Abstract

Objective: Fanconi anemia (FA) is the most common inherited bone marrow failure syndrome associated with multiple congenital abnormalities and predisposition to malignancies, resulting from mutations in one of the 22 known FA genes (FANCA to W). The proteins encoded by these genes participate in DNA repair pathway (the FA pathway) for endogenous aldehyde damage. Compared to the situation in the US or Europe, the number of Japanese FA patients with genetic diagnosis was relatively limited. In this study, we reveal the genetic subtyping and the characteristics of mutated FA genes in Japanese population and clarify the genotype-phenotype correlations.

Results: We studied 117 Japanese FA patients from 103 families (1996 to 2018). The diagnosis of FA was confirmed on the basis of chromosomal breakage tests and clinical features. Molecular diagnosis was obtained in 107 (91.5%) of the 117 patients through direct sequencing of FANCA and FANCG, MLPA analysis for FANCA, targeted exome sequencing (targeted-seq), and whole exome sequencing (WES) analysis (Figure 1). To provide genetic subtyping for the 10 unclassified cases, we tried to apply various technologies. Array CGH revealed large deletions in two FA-B and one FA-T cases. Whole genome sequencing and RNA-sequencing analysis identified splicing site or aberrant splicing mutations among three cases (one FA-B, one FA-C, and one FA-N). Collectively, 113 (97%) of Japanese 117 FA patients were successfully subtyped and a total of 219 mutated alleles were identified. FA-A and FA-G accounted for the disease in 58% and 25% of FA patients, respectively, whereas each of the other complementation groups accounted for less than 5% of FA cases. FANCB was the third most common complementation group (n=4) and only one FA-C case was identified in Japanese FA patients.

In the 68 FA-A patients, we identified 130 mutant alleles that included 55 different FANCA variants (17 nucleotide substitutions, 16 small deletions/insertions, 12 large deletions, 1 large duplication and 9 splice site mutation). FANCA c.2546delC was the most prevalent (41/130 alleles; 32%). In the 29 FA-G patients, 57 mutant alleles were identified and seven different FANCG variants were detected. FANCG c.307+1G>C and 1066C>T accounted for most of FANCG mutant alleles (49/57; 88%) in the Japanese FA-G patients. The three hotspot mutations (FANCA c.2546delC, FANCG c.307+1G>C and c.1066C>T) existed at low prevalence (0.04-0.1%) in the whole-genome reference panel of 3554 Japanese individuals (3.5KJPN, Tohoku Megabank). Consistent with the paucity of the FA-C patients as opposed to the previous report (Blood 2000), the FANCC IVS4+4A mutation was absent in the 3.5KJPN database.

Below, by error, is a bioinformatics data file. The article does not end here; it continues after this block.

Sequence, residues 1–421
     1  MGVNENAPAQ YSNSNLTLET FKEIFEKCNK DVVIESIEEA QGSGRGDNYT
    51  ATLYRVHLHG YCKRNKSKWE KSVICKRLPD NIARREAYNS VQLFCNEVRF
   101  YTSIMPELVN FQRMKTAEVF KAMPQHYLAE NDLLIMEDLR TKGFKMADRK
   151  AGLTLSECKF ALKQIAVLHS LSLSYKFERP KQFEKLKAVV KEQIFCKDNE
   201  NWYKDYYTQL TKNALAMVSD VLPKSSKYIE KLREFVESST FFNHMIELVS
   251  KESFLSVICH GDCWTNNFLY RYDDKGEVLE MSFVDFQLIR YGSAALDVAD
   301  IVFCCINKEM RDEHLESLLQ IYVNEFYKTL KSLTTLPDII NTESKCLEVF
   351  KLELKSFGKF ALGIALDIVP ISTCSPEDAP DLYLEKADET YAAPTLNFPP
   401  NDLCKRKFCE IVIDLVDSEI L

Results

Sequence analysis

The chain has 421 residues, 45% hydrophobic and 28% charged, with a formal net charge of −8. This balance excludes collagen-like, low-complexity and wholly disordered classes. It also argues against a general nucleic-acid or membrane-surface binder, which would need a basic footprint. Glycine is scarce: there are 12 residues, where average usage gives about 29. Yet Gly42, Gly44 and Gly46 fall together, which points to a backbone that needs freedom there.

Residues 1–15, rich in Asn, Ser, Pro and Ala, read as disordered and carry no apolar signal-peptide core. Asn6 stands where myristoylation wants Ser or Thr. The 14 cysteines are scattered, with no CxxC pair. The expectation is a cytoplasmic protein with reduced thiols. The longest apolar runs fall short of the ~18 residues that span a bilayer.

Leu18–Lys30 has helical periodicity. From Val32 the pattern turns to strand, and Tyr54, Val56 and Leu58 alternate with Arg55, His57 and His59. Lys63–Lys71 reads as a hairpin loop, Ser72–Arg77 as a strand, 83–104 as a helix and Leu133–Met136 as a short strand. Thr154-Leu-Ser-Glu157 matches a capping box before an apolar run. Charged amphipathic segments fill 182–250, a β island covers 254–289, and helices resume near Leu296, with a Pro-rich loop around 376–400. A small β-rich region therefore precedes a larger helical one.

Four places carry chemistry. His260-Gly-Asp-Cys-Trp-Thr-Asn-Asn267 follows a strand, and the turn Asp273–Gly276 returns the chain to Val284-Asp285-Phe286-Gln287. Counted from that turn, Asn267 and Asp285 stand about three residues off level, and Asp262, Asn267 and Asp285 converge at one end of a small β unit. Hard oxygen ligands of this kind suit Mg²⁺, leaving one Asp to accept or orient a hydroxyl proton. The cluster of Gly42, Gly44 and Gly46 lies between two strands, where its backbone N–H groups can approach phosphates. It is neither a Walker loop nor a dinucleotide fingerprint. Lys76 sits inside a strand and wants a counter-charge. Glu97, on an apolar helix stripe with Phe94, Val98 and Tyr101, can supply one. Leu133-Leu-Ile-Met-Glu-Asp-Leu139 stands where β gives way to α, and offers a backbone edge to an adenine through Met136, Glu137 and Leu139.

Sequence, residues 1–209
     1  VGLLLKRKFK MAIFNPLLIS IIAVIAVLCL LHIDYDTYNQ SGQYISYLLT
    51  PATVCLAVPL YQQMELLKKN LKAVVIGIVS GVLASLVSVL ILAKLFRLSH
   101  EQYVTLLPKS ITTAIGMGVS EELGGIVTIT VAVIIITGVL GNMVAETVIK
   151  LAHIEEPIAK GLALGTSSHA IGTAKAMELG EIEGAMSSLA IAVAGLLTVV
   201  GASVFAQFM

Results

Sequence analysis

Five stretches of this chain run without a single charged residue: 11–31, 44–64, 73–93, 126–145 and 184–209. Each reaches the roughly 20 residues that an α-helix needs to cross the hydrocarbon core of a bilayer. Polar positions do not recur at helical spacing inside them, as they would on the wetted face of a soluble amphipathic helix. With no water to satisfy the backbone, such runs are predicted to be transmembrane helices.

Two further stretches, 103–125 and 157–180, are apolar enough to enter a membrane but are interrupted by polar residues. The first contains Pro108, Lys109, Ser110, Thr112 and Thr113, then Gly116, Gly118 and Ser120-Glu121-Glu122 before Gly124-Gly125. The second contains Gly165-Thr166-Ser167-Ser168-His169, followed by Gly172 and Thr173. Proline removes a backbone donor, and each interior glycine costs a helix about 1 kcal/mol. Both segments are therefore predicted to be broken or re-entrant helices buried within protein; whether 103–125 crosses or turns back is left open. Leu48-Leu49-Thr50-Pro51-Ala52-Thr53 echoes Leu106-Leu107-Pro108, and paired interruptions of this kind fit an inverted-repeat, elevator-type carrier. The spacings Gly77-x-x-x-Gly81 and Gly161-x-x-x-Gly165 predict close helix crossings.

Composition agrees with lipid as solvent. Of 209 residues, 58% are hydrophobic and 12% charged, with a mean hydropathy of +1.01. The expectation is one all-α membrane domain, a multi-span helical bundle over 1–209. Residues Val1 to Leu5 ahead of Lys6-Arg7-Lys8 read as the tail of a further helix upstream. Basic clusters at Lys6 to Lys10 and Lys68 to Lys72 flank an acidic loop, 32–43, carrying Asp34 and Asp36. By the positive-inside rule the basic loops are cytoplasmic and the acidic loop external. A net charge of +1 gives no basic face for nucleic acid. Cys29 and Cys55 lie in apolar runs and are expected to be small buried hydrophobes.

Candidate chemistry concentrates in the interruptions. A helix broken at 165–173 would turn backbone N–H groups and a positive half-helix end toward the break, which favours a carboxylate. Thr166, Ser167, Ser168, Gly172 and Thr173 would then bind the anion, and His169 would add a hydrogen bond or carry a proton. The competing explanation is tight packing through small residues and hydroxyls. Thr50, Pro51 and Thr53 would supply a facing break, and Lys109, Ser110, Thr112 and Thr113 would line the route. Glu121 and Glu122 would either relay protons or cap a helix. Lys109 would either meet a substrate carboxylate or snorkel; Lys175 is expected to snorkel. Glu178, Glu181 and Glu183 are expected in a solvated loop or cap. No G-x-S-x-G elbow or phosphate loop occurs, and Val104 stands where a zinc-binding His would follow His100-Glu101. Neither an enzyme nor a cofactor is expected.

We were able to examine the hematological outcomes in a subset of our cases (52 FA-A and 23 FA-G). Interestingly, the FA-G patients developed bone marrow failure (BMF) at a significantly younger age than FA-A patients (median age at onset of BMF: 3.1 years vs 5 years). Furthermore, the patients with the FANCA c.2546delC mutation had an increased risk of developing myelodysplastic syndrome (MDS) and acute myeloid leukemia (AML), compared to FA-A patients without the mutation.

In the rare complementation groups of FA, two FA-B cases with complete loss of FANCB gene and one FA-I patient with N-terminal premature termination codons revealed severe somatic abnormalities, consistent with VACTERL-H association. Two FANCD1 (BRCA2) patients and one FANCN (PALB2) patients did not experience bone marrow failure but developed early-onset malignancies (immature teratoma, T-lymphoblastic lymphoma, adenosquamous lung carcinoma, Wilms tumor).

Conclusion: This is the largest series of subtyped Japanese FA patients to date and the results would be useful for future clinical management. To provide molecular diagnosis for FA in Japan, we suggest to start with PCR-direct sequencing of the three common mutations (FANCA c.2546delC, FANCG c.307+1G>C and FANCG c.1066C>T) along with MLPA assay for FANCA. These analyses would enable the identification of about 50% of the mutant alleles. For the rest of the cases, WES or targeted-seq analysis should be useful, however, large deletions and aberrant splicing need to be kept in mind.

Disclosures

Takaori-Kondo:Pfizer: Honoraria; Novartis: Honoraria; Celgene: Honoraria, Research Funding; Bristol-Myers Squibb: Honoraria; Janssen Pharmaceuticals: Honoraria.

Author notes

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Asterisk with author names denotes non-ASH members.